LEONARDTOWN, Md. – St. Mary’s County Commissioners voted unanimously to move forward with proposed legislation to enact an excise tax on new construction in the county at Tuesday’s meeting.

St. Mary’s County Attorney David A. Weiskopf explained that the excise tax is intended to replace a current development impact fee imposed only on residential construction.

In order to charge an impact fee, the county must prove the amount of financial impact from the new development and spend that money to pay for those costs.
If the new excise tax passes, the money goes into the county’s general fund to be spent as commissioners see fit. There is also no need to prove the financial impact of construction.

Commissioner Michael Hewitt said he would support a 1% excise tax that applied to both commercial and residential construction. “My thought process is that if someone’s building a 300,000 home, that fee would be $3,000. Currently, the impact fee is higher than that. The key gets to be a better deal for residential people.”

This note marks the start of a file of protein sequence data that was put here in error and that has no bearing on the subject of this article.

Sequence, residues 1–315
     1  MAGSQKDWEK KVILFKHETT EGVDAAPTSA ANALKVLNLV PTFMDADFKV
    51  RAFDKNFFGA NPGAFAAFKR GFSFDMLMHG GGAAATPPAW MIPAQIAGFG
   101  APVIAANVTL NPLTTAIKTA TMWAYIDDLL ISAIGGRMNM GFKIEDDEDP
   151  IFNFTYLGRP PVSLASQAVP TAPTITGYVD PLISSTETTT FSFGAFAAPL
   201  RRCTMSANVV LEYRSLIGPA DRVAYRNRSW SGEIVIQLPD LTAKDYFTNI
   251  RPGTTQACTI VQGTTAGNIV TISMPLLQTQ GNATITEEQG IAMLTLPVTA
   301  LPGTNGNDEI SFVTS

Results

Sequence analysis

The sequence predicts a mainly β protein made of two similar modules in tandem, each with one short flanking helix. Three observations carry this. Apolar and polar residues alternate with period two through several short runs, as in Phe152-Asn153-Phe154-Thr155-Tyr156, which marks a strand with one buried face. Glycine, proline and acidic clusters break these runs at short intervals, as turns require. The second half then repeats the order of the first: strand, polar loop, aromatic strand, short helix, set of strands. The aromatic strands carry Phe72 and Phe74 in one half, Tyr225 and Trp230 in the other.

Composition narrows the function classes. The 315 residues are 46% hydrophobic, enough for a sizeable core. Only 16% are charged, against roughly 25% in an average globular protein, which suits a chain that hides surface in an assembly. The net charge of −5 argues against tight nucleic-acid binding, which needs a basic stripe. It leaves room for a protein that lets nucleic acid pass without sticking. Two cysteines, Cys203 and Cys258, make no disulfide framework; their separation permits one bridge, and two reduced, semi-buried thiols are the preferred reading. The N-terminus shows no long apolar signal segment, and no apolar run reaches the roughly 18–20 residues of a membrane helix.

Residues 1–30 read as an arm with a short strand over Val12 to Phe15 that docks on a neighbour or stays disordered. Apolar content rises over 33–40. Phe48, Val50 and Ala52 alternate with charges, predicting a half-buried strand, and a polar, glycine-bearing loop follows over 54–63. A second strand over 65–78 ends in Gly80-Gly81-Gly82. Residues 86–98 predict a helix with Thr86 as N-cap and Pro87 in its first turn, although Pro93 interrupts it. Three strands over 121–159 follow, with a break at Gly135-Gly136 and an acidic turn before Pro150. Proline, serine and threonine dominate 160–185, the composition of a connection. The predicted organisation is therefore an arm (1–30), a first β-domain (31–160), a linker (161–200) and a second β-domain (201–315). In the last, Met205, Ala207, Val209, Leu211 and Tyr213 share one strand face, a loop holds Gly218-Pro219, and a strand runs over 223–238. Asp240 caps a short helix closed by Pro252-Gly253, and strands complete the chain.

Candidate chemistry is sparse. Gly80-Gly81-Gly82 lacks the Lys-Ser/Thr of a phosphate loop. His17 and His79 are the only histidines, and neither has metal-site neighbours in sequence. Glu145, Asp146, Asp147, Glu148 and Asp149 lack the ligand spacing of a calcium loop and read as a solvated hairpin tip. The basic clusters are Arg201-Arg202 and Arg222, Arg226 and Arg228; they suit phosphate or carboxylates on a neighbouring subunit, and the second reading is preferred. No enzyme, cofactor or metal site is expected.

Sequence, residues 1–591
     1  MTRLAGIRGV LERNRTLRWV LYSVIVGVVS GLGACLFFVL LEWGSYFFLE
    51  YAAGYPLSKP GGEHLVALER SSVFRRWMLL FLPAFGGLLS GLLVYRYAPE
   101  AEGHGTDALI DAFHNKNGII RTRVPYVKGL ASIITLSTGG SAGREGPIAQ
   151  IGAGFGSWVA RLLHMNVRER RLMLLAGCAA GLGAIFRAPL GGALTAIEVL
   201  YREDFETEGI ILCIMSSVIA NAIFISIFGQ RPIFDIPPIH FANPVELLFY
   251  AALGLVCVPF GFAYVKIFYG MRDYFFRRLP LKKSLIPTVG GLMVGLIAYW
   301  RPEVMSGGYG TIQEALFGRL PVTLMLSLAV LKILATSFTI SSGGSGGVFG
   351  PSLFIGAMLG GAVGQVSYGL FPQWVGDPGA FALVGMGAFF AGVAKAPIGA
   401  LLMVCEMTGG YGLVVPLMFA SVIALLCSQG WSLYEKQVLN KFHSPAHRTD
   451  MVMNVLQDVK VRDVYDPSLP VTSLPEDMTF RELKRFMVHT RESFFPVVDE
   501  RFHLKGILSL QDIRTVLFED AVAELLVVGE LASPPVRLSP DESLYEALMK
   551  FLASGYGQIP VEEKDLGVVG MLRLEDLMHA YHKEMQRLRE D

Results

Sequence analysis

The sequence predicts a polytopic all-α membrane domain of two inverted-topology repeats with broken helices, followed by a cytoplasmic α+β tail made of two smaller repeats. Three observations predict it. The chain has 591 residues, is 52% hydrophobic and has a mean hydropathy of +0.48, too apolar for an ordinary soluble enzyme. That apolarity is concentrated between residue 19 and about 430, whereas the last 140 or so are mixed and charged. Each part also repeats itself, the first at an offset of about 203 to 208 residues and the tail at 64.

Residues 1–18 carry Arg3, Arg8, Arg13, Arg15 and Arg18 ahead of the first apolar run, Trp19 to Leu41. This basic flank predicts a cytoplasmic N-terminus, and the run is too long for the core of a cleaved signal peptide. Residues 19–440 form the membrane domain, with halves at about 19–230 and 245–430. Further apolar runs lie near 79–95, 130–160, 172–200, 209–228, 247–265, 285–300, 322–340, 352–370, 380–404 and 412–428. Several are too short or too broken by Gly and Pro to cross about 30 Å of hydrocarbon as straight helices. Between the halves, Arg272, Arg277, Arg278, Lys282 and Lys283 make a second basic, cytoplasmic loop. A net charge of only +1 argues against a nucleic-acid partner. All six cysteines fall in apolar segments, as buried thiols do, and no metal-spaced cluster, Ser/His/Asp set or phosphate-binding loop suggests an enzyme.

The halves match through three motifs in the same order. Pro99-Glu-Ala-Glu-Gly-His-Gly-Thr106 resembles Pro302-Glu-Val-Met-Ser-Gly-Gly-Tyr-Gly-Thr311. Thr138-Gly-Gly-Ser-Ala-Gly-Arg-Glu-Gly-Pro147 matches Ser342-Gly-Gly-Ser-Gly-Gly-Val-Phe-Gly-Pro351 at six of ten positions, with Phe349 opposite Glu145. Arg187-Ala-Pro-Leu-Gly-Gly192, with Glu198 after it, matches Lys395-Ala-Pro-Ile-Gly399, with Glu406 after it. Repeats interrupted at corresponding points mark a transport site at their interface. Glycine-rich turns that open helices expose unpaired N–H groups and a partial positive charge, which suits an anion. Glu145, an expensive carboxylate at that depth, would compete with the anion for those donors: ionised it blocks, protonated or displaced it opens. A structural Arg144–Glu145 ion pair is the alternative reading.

However, Hewitt said he wanted to be sure the impact fee was repealed.

Commissioner Eric Colvin said educating people about the measure was key. “The comments I’m receiving are ‘There’s the commissioners trying to put in a new tax.’ What we’re trying to do is replace an existing one, put in more flexibility, and potentially lower for the average homeowner. So, I support it.”

Commissioners asked Weiskopf if there was a way to change the proposed legislation to remove the impact fee at the same time. The County Attorney came up with the solution of amending the current impact fee ordinance to say St. Mary’s County can have an impact fee or an excise tax but not both.

That change met with the unanimous approval of the commissioners and they voted in favor of the measure.

The change now moves on for the Maryland House and Senate to approve. There will be a joint public meeting with the St. Mary’s County Commissioners and the St. Mary’s County Delegation at 6 pm on October six to discuss the issue further.